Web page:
But while their virality is a key factor in the buzz behind the group, LOONA’s artistry stands on its own. Breezy synth-pop and dance elements are rife through their discography, as is a sense of self-discovery and growth, which they relay both through their music and their impactful dance performances. The Loonaverse and multiple pre-debut releases have helped with this, giving not only each woman a distinct identity within the group but also a way for her to explore and showcase her own artistry. “We weren’t about representing just one color,” says Heejin about their early release. “I think there were a lot of influences in that we wanted to show off various sides of us and that was so important to our concepts.”
Their most recent single, February’s “Butterfly,” off of their [X X] album, was released through an inspiring music video that focused on uplifting women across the globe to fly free to reach their potential and change the world. “The message is about your own personal voice,” reveals Yves, who also believes the experience of listening to a LOONA song is an active one meant to make listeners feel a sense of kinship to the act. “We want everyone that hears ‘Butterfly’ to feel that they are also part of LOONA."
According to the members, their album titles, [+ +] and [X X] refer to how they’re growing as artists by adding their charms and multiplying it through their musical releases. “I think we’re a team that tells our story very clearly through our albums,” adds Jin Soul “If you were able to understand that message, then you’ll be able to tell where we got that inspiration from.” They laugh when asked if something like [==] or [÷÷] might arrive in the future.
It’s been over half a year since the arrival of “Butterfly,” and LOONA has a desire to share more music with the world soon; in May, a teaser video for something, seemingly an album, known as La Maison LOONA was shared with the message, "Delayed but someday," but there has been little news since. With the rest of the members leaning over her shoulder concerned that she may spill some secret, Chinese member Vivi says, “We’re preparing so much for the second half of the year.” “ We will return by strengthening the Loonaverse in order to show off more of our charm,” adds Chuu.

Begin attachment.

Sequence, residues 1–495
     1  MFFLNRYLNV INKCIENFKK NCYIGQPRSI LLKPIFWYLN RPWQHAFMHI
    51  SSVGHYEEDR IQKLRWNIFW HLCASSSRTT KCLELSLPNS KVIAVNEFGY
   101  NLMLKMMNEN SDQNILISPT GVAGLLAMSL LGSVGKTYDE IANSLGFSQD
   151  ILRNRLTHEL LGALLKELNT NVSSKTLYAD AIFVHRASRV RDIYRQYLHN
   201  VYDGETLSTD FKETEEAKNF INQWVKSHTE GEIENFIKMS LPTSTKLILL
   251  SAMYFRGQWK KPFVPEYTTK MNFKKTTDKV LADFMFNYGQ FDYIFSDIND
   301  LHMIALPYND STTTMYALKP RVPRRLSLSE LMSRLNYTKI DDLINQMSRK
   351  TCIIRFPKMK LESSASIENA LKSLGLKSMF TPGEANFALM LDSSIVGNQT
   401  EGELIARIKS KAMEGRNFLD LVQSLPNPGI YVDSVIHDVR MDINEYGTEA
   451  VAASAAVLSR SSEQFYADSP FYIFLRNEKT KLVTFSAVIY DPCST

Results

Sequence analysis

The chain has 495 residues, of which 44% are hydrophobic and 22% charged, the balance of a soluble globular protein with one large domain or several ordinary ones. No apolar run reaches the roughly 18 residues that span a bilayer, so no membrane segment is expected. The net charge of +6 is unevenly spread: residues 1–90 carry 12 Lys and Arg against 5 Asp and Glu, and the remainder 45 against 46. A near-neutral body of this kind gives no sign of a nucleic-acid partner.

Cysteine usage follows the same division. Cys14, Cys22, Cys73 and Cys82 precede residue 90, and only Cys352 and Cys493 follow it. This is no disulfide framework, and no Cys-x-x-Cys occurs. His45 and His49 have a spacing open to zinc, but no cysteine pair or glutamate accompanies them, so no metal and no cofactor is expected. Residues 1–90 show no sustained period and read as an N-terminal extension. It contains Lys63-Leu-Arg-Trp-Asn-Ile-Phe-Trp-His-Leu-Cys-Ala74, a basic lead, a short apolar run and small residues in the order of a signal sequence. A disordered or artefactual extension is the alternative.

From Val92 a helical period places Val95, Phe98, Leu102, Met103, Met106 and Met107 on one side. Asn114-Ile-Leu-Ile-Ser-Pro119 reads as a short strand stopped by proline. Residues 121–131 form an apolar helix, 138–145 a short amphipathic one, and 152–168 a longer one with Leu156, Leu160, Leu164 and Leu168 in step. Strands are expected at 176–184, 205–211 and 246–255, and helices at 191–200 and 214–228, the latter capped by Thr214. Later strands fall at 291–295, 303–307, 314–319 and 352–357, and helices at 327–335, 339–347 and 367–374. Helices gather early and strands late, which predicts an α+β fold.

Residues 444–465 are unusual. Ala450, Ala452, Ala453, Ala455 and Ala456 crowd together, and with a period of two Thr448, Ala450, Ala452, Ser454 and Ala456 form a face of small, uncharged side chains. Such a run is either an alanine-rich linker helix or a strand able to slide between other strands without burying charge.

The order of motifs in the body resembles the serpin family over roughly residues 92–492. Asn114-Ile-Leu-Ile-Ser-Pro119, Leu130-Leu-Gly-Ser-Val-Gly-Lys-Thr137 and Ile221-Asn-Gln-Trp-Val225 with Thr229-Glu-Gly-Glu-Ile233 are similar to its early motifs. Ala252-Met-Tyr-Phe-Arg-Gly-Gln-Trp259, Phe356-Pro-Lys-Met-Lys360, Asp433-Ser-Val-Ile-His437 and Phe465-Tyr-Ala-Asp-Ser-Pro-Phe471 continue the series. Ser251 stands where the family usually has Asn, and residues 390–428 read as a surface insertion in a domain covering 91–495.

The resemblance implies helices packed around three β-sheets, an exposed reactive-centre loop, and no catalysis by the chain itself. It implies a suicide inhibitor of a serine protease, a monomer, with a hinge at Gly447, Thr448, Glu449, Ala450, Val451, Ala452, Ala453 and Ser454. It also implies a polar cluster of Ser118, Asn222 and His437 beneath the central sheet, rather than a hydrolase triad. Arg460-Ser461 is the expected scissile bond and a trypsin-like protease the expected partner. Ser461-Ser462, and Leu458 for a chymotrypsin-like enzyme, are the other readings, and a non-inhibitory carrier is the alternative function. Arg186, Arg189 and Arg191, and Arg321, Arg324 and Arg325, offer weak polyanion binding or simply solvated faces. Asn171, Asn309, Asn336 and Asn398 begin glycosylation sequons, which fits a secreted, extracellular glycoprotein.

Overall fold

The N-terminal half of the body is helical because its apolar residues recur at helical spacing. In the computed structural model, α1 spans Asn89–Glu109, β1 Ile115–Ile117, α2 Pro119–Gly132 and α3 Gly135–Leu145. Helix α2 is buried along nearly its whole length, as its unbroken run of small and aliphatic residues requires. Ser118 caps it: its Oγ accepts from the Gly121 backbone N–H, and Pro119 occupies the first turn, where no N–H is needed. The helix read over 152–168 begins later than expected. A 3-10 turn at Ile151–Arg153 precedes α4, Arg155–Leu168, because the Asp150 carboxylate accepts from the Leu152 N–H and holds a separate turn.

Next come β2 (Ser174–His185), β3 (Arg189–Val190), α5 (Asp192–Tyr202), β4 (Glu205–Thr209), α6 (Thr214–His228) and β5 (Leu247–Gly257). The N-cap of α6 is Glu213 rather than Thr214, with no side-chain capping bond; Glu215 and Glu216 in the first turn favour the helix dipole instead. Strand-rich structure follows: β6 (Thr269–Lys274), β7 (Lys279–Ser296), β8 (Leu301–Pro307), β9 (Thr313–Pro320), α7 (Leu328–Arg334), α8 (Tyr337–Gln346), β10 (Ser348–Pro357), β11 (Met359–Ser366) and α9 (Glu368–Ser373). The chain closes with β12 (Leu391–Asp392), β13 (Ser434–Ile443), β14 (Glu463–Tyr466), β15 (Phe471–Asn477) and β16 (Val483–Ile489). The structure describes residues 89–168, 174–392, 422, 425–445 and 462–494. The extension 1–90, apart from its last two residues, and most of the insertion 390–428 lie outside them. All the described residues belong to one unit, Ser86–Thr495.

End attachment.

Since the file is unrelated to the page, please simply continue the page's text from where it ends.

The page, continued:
The group also hopes to come back to the U.S. soon, and a recent MyMusicTaste campaign featuring LOONA is in the works, through which fans can show interest and crowdfund potential K-pop concerts. “I still can’t believe we’re in LA about to perform,” reveals Kim Lip. “It still doesn’t feel real that we’re doing this interview and go on stage. We hope this is the beginning to many more performances overseas.”
Since the members expressed this optimism and promise of upcoming music and concerts, there’s been no updates on any new releases from the act. Meanwhile Blockberry has reportedly become embroiled in a lawsuit over LOONA's non appearance on an app that invested in the company, and a recent social media post caused widespread consternation from Orbits on social media over what exactly is going on with the group. LOONA’s artistic director Jaden Jeong, who is widely credited as the mastermind of the Loonaverse, recently has changed his focus to boy band OnlyOneOf and announced on social media that he “deleted” a recent album without clarifying what he meant. Neither Blockberry Creative nor Jeong have responded to requests for comment son the situation.
It’s been three years, or 36 months, of LOONA since “Vivid” launched their career, and the members, and their fans, are ready to continue spreading their message and music across the globe, if and when they're given the opportunity to fly (hi) high again soon. In the meantime, LOONA celebrated Halloween 2019 with a cover of Sunmi's "Full Moon." Watch it below.